public IList<ShoppingCartItem> Items { get; } = new List<ShoppingCartItem>();
  public decimal TotalValue
  {
    get { return Items.Sum((item) => item.Quantity * item.Price); }
  }
  public decimal ItemCount
  {
    get { return Items.Sum((item) => item.Quantity); }
  }
}

var myCart = new ShoppingCart() { CustomerId = "cust17023" };
myCart.Items.Add(new ShoppingCartItem()
{
  Name = "Acme Widget",
  Price = 199.99m,
  Quantity = 2
});

myCart.Items.Add(new ShoppingCartItem()
{
  Name = "Acme Snow Globe",
  Price = 2.99m,
  Quantity = 400
});

Let’s assume that you have a collection of shopping carts that you want to analyze to determine the percentage of carts that contain an Acme Snow Globe, which is on sale for half-price. This will help you understand whether the sale is getting a response from shoppers. You can scan all shopping carts in parallel using Parallel.ForEach, as shown in Listing 2.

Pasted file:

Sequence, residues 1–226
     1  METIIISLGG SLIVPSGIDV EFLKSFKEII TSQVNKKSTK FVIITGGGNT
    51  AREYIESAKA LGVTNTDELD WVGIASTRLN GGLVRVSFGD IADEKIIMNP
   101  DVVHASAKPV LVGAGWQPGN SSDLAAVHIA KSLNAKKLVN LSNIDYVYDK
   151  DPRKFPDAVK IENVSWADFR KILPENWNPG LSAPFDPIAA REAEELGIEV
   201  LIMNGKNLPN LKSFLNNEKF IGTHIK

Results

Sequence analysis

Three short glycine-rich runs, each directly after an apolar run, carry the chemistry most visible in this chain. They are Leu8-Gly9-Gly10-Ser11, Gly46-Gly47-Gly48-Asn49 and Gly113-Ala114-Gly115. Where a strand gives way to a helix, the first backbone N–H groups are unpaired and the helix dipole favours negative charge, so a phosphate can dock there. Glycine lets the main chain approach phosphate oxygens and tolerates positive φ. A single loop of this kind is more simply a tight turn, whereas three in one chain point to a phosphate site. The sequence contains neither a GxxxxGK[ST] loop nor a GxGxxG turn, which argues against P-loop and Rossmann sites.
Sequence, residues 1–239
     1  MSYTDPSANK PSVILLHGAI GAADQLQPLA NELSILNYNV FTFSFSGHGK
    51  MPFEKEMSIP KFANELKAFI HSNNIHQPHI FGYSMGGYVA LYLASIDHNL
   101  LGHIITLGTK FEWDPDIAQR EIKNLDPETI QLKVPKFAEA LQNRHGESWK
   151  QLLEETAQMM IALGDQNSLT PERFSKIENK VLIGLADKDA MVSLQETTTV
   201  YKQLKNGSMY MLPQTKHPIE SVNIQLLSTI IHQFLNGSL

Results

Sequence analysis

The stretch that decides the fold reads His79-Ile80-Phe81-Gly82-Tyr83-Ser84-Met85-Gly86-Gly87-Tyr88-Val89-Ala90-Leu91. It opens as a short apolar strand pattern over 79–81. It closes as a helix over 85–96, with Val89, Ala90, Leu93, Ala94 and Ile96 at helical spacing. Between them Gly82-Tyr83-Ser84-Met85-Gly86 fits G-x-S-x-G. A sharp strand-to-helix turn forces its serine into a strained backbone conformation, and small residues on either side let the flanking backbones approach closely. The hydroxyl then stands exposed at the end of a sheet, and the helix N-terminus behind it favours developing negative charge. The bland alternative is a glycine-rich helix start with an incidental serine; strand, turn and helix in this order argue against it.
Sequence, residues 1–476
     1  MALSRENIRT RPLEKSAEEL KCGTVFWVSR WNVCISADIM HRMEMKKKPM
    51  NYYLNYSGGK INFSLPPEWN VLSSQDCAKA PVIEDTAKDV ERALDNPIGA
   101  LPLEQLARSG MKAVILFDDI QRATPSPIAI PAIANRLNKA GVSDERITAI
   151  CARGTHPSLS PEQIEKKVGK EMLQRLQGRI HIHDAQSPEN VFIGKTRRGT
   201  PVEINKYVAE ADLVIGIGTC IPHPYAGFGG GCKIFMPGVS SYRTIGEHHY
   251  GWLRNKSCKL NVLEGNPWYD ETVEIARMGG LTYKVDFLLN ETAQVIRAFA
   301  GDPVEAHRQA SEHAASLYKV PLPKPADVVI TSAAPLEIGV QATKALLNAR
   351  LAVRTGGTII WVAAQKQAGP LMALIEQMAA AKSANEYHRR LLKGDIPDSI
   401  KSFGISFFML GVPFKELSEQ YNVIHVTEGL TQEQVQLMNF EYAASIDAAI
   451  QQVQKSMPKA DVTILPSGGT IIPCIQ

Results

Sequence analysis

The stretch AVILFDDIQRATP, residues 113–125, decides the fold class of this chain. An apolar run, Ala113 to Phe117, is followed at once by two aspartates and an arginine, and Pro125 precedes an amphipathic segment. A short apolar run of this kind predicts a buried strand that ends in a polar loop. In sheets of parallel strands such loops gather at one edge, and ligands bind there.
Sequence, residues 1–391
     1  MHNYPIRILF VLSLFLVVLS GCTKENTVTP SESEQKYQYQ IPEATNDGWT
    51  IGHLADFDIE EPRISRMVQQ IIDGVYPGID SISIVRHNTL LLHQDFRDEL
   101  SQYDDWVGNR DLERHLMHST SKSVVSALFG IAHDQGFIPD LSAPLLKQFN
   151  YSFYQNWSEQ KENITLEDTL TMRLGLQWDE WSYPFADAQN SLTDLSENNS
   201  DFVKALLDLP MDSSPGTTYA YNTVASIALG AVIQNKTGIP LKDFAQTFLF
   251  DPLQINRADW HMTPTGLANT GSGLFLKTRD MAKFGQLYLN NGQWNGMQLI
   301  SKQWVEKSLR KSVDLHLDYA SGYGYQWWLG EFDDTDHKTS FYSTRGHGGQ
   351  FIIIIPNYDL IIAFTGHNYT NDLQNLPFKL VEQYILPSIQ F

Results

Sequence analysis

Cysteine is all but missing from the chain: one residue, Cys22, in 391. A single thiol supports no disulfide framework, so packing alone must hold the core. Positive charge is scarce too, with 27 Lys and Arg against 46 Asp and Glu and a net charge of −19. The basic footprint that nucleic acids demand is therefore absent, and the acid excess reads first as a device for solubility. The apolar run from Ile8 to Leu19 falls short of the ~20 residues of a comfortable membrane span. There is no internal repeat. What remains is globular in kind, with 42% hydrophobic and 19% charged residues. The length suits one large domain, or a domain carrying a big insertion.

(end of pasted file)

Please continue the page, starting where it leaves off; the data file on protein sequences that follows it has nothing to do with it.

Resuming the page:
Listing 2: Scanning the Shopping Cart Using Parallel.ForEach
var carts = new List<ShoppingCart>();  // Collection of carts
// <snip> collection is filled with carts...

private class Result
{
  public int numMatches;
  public int numCarts;
}

var productName = "Acme Snow Globe";    // Product to find in the carts
var finalResult = new Result();         // Result of the computation

Parallel.ForEach<ShoppingCart, Result>(
  carts,                   // Source collection
  () => new Result(),      // Thread-local result initialization
  (cart, loopState, result) =>  // Body of analysis logic
  {